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John Maxwell

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How can we get philanthropists to try harder to optimize the effectiveness of their giving?

You can see described in this article

http://lesswrong.com/lw/3gj/efficient_charity_do_unto_others/

an argument for "efficient" charitable giving--that is, charitable giving that attempts to optimize the effectiveness per dollar donated in terms of metrics like number of lives saved. But if you look at "largest charity" lists, you can see that much of charitable giving is directed towards organizations like the YMCA that don't directly work to save anyone's lives. I don't mean to dis the YMCA--I'm sure they're doing important and useful work, and anyone who volunteers there or donates to them is surely more virtuous than average. However, I don't quite understand why someone might give a thousand dollars to the YMCA when a thousand dollars has been shown by external observers to predictably save one West African life:

http://www.givewell.org/international/top-charities/villagereach

(And that's not even mentioning other charities, like http://singinst.org/, which are working to solve problems that could potentially lead to the extinction of the entire species.)

So what's going on here? How can we get philanthropists to realize that their giving is inefficient, and that they could get a better return on their dollar if they thought about it?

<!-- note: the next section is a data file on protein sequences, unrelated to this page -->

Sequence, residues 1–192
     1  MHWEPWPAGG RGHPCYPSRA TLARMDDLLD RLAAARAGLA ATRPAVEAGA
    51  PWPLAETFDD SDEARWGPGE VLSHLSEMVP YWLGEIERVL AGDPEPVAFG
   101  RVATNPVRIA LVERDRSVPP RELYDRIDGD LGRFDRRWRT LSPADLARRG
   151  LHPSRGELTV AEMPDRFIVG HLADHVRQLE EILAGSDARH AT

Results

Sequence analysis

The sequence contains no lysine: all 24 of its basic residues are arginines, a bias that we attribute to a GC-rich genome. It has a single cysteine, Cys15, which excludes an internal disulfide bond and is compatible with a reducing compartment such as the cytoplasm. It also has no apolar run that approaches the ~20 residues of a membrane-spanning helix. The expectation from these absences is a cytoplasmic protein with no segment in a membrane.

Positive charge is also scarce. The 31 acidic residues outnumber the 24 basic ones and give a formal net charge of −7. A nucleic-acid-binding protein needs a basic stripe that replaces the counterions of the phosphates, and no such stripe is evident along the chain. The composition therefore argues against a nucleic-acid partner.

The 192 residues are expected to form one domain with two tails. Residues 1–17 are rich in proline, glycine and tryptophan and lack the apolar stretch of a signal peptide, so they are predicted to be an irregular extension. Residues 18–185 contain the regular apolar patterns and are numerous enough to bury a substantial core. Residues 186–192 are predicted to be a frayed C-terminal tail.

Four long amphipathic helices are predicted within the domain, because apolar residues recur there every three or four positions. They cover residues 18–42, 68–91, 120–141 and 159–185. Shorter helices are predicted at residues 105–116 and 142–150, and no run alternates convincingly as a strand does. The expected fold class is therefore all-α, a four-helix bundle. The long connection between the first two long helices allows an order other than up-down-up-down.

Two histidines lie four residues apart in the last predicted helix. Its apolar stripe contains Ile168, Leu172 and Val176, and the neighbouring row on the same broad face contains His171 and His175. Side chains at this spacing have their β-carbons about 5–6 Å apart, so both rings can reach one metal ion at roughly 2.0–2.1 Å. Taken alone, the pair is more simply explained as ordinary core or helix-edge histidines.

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  • Nov 3 2011: I asked a very similar question myself. I'm looking at it from another perspective. I've got money to give, but I want to make sure that the money I give has an actual impact on the people to whom I give it. Frankly, I have a harder time tracking that the larger the charitable organization I support. I also have to weigh the value of doing something globally versus doing something locally. I can give $20 to a guy on the street in my hometown, or I can give $100 to a charity that would spend most of it on their own infrastructure and end up with $20 going to someone in Africa. Which was the better use of my money? Right now, I'm paying to put a kid through nursing school. Not through some charity, but actually writing a check to the school every semester, because I'm convinced that it's the best use for my charitable dollars. It'll change his life and the lives of his kids. But it's really, really hard to know the tradeoffs you're making when you donate.

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